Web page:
Thursday, May 26, 2011

Mission Alaska: Skagway

We were up early for a 7 a.m. disembarking in Skagway, Alaska, a one-traffic-light town that in the 1900s was the gateway to the Klondike Gold Rush.  Hopeful goldseekers stocked up in Skagway and then journeyed over 20 miles up into the mountains to the Canadian border.  They needed to bring at least 2000 pounds of goods with them on that difficult trek or the Canadian authorities denied them access.  The last thing anyone wanted was starving miners.

There really isn't much to Skagway except for the tourism season that starts in May and runs until September.  They live on the dollars brought in by the cruise ship passengers.  When the last cruise ship of the season departs, the town pretty much shuts down.

From everything we'd heard or read, the White Pass Railway up the mountain was the excursion we had to take.  This is quite the old, historic train.  No high speed, luxury cars on this choo-choo.

We creaked and chugged on the old rails, climbing higher and higher while the narrator told us about the history of the gold rush, the well known characters of the old days of Skagway, and the perils and challenges faced by the miners.  As we climbed higher and higher up the mountain, I marveled that any sane person would attempt it on foot or pack animal  100 plus years ago.  I guess that begs the question, "How sane is a person who's infected by gold fever?"

Sometimes it seemed like we were right on the edge.

Glad that this particular train bridge is no longer in use.
 The higher up we climbed, the more snow, of course.  We never got tired of looking out of the windows at the scenery.

The trip up the mountains took two hours.  The trip back, only an hour.  Gravity helped!

Jewell Gardens & Glassblowing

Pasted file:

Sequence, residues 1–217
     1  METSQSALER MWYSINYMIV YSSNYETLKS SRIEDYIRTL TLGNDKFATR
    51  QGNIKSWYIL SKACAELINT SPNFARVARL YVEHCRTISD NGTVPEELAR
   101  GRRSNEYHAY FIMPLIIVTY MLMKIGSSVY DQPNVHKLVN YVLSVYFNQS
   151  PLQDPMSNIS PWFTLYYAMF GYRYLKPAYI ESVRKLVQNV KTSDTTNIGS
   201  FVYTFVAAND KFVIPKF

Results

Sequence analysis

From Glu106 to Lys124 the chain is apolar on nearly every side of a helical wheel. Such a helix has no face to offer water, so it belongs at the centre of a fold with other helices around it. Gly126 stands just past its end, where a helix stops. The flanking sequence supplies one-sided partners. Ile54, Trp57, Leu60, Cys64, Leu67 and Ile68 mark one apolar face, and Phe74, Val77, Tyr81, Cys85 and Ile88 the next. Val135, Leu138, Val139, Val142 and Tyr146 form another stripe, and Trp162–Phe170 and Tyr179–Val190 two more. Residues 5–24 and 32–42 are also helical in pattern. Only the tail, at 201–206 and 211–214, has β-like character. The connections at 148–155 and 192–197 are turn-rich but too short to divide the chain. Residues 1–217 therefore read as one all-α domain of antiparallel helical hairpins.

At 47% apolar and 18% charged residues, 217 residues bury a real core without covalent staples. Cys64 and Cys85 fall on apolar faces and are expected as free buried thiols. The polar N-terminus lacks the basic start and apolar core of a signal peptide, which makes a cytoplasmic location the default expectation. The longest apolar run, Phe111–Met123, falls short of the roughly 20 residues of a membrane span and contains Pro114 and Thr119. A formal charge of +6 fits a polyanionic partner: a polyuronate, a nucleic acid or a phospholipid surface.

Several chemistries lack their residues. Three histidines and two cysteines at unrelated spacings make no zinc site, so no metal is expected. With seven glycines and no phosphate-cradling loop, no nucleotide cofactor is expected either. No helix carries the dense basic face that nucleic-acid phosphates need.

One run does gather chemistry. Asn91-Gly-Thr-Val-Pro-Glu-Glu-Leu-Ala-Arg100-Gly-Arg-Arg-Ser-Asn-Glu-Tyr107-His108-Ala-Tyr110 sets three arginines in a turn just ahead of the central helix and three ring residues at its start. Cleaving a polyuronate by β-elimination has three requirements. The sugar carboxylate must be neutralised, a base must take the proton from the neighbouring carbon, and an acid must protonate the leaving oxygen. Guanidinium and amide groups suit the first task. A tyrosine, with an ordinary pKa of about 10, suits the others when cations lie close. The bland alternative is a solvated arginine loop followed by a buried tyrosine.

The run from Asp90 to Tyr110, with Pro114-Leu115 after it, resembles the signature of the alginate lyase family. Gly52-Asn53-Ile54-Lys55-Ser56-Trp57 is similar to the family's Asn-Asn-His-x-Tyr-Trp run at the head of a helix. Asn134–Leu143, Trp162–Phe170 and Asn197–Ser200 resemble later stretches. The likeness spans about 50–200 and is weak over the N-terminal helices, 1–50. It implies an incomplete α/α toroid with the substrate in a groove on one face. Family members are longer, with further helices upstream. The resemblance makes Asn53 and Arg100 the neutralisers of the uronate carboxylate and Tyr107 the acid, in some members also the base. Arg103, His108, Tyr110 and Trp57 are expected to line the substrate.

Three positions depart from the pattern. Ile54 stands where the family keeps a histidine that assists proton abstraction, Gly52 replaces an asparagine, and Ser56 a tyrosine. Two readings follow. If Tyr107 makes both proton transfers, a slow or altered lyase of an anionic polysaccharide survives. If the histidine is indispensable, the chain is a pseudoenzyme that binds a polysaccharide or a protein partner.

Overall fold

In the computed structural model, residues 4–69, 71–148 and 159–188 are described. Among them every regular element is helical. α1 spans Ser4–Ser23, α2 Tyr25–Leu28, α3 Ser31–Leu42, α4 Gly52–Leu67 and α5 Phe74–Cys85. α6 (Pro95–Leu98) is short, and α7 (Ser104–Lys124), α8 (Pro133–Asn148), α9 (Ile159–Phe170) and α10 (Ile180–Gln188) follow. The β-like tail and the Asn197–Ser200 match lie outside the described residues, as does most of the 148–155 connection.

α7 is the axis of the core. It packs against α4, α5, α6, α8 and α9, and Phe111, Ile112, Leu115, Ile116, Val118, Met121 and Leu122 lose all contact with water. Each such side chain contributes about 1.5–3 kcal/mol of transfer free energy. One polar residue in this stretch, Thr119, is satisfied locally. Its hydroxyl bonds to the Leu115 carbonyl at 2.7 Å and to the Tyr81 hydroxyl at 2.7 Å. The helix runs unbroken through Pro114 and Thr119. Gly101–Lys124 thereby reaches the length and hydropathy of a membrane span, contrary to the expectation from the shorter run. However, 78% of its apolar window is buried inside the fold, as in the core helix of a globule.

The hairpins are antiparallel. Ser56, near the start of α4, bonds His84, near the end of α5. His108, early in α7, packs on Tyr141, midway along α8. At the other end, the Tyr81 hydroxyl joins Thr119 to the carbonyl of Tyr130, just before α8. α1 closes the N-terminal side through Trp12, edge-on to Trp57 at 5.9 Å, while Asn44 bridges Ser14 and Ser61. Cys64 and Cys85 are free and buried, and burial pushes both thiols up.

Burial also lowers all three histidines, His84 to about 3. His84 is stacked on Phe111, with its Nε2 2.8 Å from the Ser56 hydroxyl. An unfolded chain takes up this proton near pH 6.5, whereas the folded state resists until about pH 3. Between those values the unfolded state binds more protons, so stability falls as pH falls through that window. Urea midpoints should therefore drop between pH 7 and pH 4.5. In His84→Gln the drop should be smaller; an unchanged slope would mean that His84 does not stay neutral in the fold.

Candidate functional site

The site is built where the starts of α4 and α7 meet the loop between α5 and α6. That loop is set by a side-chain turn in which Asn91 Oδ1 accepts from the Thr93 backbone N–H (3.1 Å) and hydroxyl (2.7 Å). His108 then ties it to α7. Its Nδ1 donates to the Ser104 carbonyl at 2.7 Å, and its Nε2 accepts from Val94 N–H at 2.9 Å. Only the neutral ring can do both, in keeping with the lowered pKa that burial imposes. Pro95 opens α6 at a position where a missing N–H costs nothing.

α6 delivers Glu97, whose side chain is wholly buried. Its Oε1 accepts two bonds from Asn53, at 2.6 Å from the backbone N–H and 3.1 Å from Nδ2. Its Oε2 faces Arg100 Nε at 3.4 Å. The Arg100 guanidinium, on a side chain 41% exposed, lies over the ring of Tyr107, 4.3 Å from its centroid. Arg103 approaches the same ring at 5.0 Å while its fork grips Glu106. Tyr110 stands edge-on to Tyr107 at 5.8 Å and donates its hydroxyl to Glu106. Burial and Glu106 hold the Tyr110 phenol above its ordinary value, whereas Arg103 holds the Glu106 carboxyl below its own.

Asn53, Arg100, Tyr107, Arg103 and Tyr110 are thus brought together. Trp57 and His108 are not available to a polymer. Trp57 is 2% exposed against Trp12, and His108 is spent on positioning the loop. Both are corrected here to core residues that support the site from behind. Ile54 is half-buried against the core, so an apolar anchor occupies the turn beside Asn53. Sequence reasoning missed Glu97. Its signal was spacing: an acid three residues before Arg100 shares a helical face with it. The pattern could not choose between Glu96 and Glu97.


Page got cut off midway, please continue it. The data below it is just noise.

Back in Skagway, Janet went off to the Gold Dredge to discover what it was like to pan for gold.  I joined an excursion to visit a glassblowing studio.  I was excited to see the demonstration and then participate in making an ornament to keep.  Our tour guide Jonathan, a young college student from Utah, and the glass artist David could not have been nicer to our group.  David first demonstrated the techniques and explained about the method and tools.

Then each of us on the tour picked the colors and design we wented and stepped up to assist David in creating our ornaments.

David showed me how to roll the colored glass onto the initial "gather" of melted glass.

Pipes heating, ready to be used to gather molten glass.

Under David's watchful eye, I carefully rolled my ornament in the 2300 degree flash oven.

Using the heavy tweezers to pinch and twist the glass, adding design with the colors.

The blowing part of glass blowing.  Yes, I've already thought of every off-color joke.

The almost-finished product.  It needed to spend the night in the tempering case and will be shipped home to me.
After all of us completed ornaments and David made a wavy-lipped bowl, we enjoyed a delicious high tea and toured the pretty gardens before being taken back to the ship.

All told, this marked another terrific, interesting and fun day on the cruise.  Once back on board Janet and I exchanged stories of our adventures.  She'd done quite a bit of shopping in Skagway and showed off her purchases.  Both of us then began looking forward to the next day and Glacier Bay.

1 comment:

Hope said...

Your ornament is so pretty!